The proposal to introduce indicators for family stability is being addressed, as my hon. Friend highlighted, through the Government’s life chances strategy. The new life chances measures will focus on the number of children in workless households and on the levels of educational attainment. We are so focused on the life chances measures and family stability indicators, because we are no longer committed to chasing what we consider to be arbitrary targets. They were the focus of previous Governments’ policies and approach. Our focus is on the root causes of family breakdown—worklessness and poverty—and not just the symptoms.

The Government are committed to introducing a new and strengthened approach to tracking the life chances of Britain’s most disadvantaged children. Evidence suggests that frequent and intense child-related poorly resolved inter-parental conflict has terrible and negative outcomes for children. Couples with children experience greater levels of stress during separation. It is that negativity that affects the outcomes of children. For families that separate, evidence suggests that good relationships between parents and positive involvement from both parents in a child’s upbringing have long-term beneficial outcomes. These are the areas on which we are focusing.

As I have said, we are clear that strong families give children the best start in life and that good measures can help Government to formulate policy across Departments and drive action where it is most needed. It is worth highlighting where we can work with other Departments. I have already mentioned educational outcomes, and naturally we are working with my right hon. Friend the Education Secretary to raise educational attainment and improve life chances. In this way, we can also tackle areas of social justice and provide support for families or individuals who have experienced debt issues, addiction or alcohol or drug misuse. A combination of those factors can have a negative impact on families and result in family breakdown.

We have also committed to introducing a wider set of non-statutory indicators, including a measure of family stability, and we are engaging with experts in the field, third-party stakeholders, partners and specialist organisations to ensure we strike the right balance and develop policy that is in line with the most up-to-date research and the most robust evidence. We already measure family stability as part of the social justice outcomes framework, which reports the proportion of children living with both birth parents at birth and then every year until they are 16.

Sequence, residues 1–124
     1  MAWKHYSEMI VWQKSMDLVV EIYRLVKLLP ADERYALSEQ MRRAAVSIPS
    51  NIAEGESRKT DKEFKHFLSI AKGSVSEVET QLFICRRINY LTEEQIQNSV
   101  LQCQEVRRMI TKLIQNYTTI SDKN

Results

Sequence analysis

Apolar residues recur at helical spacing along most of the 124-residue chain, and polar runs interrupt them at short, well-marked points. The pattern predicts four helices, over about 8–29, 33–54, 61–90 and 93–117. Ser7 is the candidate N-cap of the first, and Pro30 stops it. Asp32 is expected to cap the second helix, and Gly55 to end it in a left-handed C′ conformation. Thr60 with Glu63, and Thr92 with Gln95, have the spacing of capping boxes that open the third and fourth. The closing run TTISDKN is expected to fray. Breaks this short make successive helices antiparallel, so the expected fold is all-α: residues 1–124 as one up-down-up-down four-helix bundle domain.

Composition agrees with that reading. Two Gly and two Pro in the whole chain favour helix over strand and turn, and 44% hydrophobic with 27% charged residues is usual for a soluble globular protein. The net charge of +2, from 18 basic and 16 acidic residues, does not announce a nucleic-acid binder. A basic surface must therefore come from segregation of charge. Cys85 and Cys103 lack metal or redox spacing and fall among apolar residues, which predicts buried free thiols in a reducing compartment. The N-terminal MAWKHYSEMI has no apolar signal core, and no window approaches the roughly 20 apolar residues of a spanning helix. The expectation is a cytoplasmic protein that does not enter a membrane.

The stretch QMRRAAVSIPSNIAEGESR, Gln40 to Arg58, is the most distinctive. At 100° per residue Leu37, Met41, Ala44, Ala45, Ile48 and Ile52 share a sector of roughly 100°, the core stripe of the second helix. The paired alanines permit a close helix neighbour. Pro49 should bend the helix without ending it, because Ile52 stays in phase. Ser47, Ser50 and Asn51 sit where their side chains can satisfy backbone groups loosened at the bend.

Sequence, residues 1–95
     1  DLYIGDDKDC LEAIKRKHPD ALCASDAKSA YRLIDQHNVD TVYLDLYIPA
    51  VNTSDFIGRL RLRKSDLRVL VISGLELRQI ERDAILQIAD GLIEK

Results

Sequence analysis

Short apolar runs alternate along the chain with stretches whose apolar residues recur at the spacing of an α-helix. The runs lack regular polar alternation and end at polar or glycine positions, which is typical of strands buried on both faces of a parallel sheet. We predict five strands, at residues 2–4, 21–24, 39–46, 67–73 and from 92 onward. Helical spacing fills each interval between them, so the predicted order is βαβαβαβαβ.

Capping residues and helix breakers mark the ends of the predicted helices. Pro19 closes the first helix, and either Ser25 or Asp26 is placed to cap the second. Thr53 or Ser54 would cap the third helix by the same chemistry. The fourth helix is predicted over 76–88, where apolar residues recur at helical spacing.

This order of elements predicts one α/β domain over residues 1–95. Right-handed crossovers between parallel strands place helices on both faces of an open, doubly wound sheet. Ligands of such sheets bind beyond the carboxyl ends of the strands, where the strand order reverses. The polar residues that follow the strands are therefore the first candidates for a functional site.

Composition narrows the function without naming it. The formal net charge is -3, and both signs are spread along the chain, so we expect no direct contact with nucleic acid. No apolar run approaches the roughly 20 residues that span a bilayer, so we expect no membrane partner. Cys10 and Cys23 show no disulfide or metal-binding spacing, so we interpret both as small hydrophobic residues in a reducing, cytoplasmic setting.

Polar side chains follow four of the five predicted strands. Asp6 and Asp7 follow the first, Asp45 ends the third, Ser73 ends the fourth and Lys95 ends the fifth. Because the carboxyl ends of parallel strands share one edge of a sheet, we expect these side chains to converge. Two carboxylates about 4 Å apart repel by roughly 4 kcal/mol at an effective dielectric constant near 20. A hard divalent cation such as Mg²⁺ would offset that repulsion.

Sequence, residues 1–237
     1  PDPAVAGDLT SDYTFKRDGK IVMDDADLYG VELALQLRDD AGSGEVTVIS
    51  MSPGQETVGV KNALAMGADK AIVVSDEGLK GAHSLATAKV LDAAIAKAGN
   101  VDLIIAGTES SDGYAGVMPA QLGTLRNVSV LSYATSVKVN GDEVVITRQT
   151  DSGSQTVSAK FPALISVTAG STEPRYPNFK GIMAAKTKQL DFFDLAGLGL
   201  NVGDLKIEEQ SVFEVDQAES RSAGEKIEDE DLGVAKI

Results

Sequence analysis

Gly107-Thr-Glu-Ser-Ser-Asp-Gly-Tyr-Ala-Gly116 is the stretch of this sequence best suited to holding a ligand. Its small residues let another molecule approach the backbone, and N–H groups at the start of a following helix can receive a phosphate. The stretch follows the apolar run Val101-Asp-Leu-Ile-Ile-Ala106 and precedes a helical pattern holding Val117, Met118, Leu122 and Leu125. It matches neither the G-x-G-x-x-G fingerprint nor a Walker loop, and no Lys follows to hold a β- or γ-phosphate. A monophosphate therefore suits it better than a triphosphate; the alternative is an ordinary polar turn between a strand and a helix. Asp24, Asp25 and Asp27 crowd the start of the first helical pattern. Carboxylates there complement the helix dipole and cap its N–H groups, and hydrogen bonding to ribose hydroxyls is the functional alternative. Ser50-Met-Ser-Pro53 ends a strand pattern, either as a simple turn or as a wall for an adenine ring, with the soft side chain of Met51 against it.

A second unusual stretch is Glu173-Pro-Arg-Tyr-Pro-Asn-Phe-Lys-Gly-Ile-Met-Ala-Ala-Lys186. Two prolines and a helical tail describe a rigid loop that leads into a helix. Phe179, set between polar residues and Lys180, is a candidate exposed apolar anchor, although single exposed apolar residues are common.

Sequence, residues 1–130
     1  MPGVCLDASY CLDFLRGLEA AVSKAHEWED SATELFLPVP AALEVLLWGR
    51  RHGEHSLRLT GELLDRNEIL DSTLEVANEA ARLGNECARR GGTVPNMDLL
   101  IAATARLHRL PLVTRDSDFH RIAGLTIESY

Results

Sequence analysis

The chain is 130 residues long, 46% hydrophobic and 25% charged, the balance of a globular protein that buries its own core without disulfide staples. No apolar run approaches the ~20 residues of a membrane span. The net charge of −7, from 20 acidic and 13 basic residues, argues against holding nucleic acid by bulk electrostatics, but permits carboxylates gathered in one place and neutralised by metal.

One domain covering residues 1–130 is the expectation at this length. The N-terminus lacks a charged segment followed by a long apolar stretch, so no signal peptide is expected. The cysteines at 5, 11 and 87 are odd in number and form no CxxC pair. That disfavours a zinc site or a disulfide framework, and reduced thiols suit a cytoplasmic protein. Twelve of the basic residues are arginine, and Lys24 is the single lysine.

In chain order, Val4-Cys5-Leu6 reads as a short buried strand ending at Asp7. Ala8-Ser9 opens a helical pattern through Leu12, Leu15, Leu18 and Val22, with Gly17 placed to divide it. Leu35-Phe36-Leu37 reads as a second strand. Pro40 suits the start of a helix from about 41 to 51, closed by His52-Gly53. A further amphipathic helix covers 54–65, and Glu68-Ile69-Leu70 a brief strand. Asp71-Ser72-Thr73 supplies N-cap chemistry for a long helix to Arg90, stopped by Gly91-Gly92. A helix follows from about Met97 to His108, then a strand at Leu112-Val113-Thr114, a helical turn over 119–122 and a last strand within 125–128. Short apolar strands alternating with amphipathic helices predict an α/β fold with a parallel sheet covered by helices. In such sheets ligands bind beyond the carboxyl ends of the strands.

We discussed many of these measures, particularly those on life chances, during our deliberations on the Welfare Reform and Work Bill, under which we are introducing two statutory measures—on children in workless households and children’s educational attainment —to drive action on improving children’s life chances. My right hon. Friend the Secretary of State for Work and Pensions has committed to introducing a life chances strategy setting out indicators on the root causes of child poverty, including family stability, as well as on problem debt and addiction.

I have touched on many areas in which the Government are supporting families. My hon. Friend the Member for Eastbourne spoke about relationship support and the impact of family breakdown. In the last five years, the Government have invested about £38 million in relationship support services, but this is increasing, and we are investing about £8 million in relationship support provision in the 2015-16 fiscal year to provide support for couples and parents and to encourage the take-up of face-to-face, telephone and online relationship support services.

The marriage tax allowance, which my hon. Friend the Member for Gainsborough (Sir Edward Leigh) mentioned, demonstrates the dynamic nature of Government policy and the way we are working across Departments on family stability to provide the right support, whether for children or parents, including relationship support. We are using existing indicators as well. The NHS—so again working across government—is providing early intervention and education, and we are piloting relationship education in perinatal classes to prepare expectant couples for the changes that having a baby will bring to their relationship.

We are providing guidance and training for health visitors on spotting signs of relationships in distress and how to respond. We have had many debates in the House about the role of health visitors and how we can elaborate on that through the provision of guidance and support for new parents. All new parents recognise the challenges of being a first-time parent. We are testing ways of maximising the role of local authorities in providing family-centred services with a focus on supporting and strengthening couples and co-parenting relationships as well.

My Department has a strong track record and is working actively with local authorities to strengthen the services they provide to couples and co-parents in families by providing extra funding and, importantly, expertise for the 13 local authorities in our local family offer trial. We are exploring ways to expand that approach and encourage local authorities to take that leadership role at a local level in supporting people in the community and promoting greater family—

The debate stood adjourned (Standing Order No. 11(2)).

Ordered, That the debate be resumed on Monday 7 December.